Nicaragua History

Middle America

Archaeological finds show that Nicaragua has been inhabited for 20,000-30,000 years. By the end of the 15th century, Nicaragua was populated by many different ethnic groups, and Spanish officials estimated that the population was around 600,000 at the Spanish conquest.

Kristoffer Columbus reached the east coast of Nicaragua on his fourth voyage in 1502, and in 1524 Francisco Hernández de Córdoba founded the first permanent Spanish settlements on behalf of the Spanish throne. The cities of Granada and Leon were the first major settlements.

The country was a Spanish colony until 1821. From its secession in 1821, Nicaragua was part of Mexico until 1823, when the southern parts of this empire broke out and formed the Central American Republic. In 1838 it was dissolved and the republics of Guatemala, El Salvador, Honduras, Nicaragua and Costa Rica were created.

FSLN guerrilla

In July 1979, the FSLN guerrilla captured the capital Managua without a fight. Two days earlier, dictator Anastasio Somoza Debayle had left the country.

As in many other Latin American countries, Nicaragua was characterized by conflicts between liberals and conservatives the first time after independence. Foreign players were involved in this battle, including American adventurer and mercenary William Walker.

The United States intervened several times in Nicaragua from 1909 to 1925, and US troops were deployed for much of this period.

In 1936 Anastasio Somoza García took power in Nicaragua, and together with his sons, the family ruled the country for over 40 years. The growing discontent with the Somoza family’s nepotistic and dictatorial rule culminated in a broad popular revolution led by the Sandinist Front for National Liberation (Frente Sandinista de Liberatión National, FSLN) with its leader Daniel Ortega.

The Sandlinists (FSLN) introduced a socialist regime and implemented, among other things, a land reform in which wealthy landowners got property expropriated. The Sandinist reforms were strongly opposed by the former supporters of the Somoza family, and from 1982 there was armed civil war in the country. The counter-revolutionaries (Contras) were supported by the United States. The FSLN was supported by the Soviet Union, among others. The civil war caused major destruction in the country, and over 40,000 Nicaraguan people were killed in the war.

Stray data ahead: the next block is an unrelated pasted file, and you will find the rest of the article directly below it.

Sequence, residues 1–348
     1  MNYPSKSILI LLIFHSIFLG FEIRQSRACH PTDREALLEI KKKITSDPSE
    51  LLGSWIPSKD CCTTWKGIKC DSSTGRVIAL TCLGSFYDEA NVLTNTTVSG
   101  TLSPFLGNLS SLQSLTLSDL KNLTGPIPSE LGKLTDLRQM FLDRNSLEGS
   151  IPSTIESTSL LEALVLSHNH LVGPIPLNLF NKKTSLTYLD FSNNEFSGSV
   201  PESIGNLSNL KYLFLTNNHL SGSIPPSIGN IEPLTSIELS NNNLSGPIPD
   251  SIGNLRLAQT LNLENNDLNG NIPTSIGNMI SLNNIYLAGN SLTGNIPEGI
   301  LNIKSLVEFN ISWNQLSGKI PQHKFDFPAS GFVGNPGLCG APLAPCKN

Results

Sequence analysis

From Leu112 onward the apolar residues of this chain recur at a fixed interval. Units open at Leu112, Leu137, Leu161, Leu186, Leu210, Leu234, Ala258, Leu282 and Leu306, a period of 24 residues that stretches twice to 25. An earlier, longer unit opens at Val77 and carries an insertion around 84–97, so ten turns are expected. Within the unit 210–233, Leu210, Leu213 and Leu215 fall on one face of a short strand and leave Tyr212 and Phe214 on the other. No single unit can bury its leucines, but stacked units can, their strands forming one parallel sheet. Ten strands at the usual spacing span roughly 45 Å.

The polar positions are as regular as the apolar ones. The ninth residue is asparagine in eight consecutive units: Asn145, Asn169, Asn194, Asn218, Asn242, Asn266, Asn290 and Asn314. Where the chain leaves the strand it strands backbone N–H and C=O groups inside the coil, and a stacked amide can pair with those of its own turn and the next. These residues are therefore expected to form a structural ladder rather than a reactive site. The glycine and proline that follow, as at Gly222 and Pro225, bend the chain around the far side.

The defeat of the Sandinists in 1989 marked the end of the civil war, and when a political coalition of 13 parties, led by the conservative Violeta Barrios de Chamorro, took power in 1990, the weapons were shut down.

Following the Sandinist surrender of power, Nicaraguan politics changed dramatically. The civil war ended, relations with the United States improved considerably, and the economy was liberalized. Many former government services such as transportation, telecommunications and electricity were privatized, and the state facilitated, among other things, fiscal and tax relief, for foreign investors (mainly US and Taiwanese companies) who wanted to start labor-intensive industries within the national borders. One has also seen the emergence of private schools and health enterprises.

After three subsequent electoral defeats, Daniel Ortega won the election in 2006 and became president again in 2007. In the 2006 election campaign, Ortega addressed a wider section of the population than before. The revolutionary anti-US rhetoric was toned down and more emphasis was placed on Catholic values.

Ortega’s re-election in 2011 has been disputed. Article 147 of the 1995 Constitution stated that the incumbent president could not stand for re-election, but in October 2009, the Nicaraguan Supreme Court ruled that this article is no longer applicable. The political opposition, national and international press claim that this Supreme Court ruling was made after pressure from Ortega and that it was thus illegal.